Could You Have Unclaimed Cash?

By Features LearnVest

The state government taketh, but it also giveth: While it taxes a portion of our earnings, it also tries to return unclaimed money to whom it belongs.

Continue Reading Below

Many state treasuries are sitting on large sums that have gone unclaimed by their rightful owners. The Illinois Treasury’s Unclaimed Property Division, for example, holds $1.5 billion in cash.

And it’s not just money that goes missing. Examples of unclaimed property include:

  • Funds in inactive bank accounts
  • Salary or commission checks that were never cashed
  • Stocks and bonds that have been left languishing
  • Unused gift checks
  • Life insurance properties
  • Overpayments on bills
  • Items from safe deposit boxes
States Dash to Return Cash

Because it takes time and resources to safeguard such treasures, the states work hard to get the unclaimed possessions back to their owners.

Continue Reading Below

Illinois has made an energetic push to reunite forgotten funds and property with rightful owners with a program known as “Cash Dash.” After searching an online database sponsored by the Illinois Treasury, residents who find that they have money owed to them may then send in an inquiry or attend a Cash Dash event and speak to a marketer. The treasury will then examine your claim (which is free to file), verify that you are the true owner and work to reconnect you with your long-lost cash.

The database currently has more than 10 million entries, and the Cash Dash program has been successful: On average, it returns close to $80 million annually to owners.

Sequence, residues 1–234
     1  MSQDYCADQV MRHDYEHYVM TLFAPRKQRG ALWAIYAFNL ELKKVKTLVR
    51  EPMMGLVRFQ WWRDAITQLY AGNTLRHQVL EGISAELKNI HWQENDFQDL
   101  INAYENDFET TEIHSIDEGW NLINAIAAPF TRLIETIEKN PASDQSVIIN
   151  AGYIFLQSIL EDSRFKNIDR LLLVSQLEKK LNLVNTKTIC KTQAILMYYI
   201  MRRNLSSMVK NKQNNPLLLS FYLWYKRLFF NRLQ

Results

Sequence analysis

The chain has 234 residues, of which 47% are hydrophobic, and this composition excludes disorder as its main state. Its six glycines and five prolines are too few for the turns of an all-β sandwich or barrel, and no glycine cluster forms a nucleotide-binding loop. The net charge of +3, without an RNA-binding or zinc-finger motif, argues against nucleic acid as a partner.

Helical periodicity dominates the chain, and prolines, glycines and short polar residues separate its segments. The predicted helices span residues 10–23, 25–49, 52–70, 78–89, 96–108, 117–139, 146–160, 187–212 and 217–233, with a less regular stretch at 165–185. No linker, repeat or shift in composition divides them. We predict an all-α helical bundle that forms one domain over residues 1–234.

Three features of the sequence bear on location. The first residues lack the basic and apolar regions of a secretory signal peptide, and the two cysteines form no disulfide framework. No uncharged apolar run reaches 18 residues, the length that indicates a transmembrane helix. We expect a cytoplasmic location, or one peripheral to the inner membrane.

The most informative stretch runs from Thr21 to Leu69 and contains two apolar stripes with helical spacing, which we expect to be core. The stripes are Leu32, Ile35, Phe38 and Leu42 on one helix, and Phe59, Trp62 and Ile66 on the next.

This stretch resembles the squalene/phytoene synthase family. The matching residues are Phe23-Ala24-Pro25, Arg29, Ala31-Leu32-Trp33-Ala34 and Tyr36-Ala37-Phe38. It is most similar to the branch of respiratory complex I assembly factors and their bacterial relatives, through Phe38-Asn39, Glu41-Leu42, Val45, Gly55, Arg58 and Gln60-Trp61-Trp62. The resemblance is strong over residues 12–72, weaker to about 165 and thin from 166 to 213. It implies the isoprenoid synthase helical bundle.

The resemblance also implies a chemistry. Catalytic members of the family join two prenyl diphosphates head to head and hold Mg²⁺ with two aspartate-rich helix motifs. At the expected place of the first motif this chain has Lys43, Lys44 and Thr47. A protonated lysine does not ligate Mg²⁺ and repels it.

How Do You Cash In?

Many other states run campaigns like Illinois’ to help you locate and collect money that you are owed.

If you think you may be missing some money (or if you’re just curious!), look up your state’s unclaimed property page at Unclaimed.org. Make sure you check any state where you have lived in the past.

You can also try TreasuryHunt.gov to search for any treasury or saving bonds using your social security number.

Be cautious about any other unclaimed cash website, though. Some pose as official databases and will attempt to trick you into submitting your financial information. And never believe any emails coming from an “unclaimed funds official” directing you to cash in on some forgotten fund; that’s a recent scam that’s been going around. Only trust your state’s official unclaimed property page.

(What else is going unclaimed? Lottery tickets! The odds of winning are extremely slim, but if you decide to indulge, make sure you check up on them.)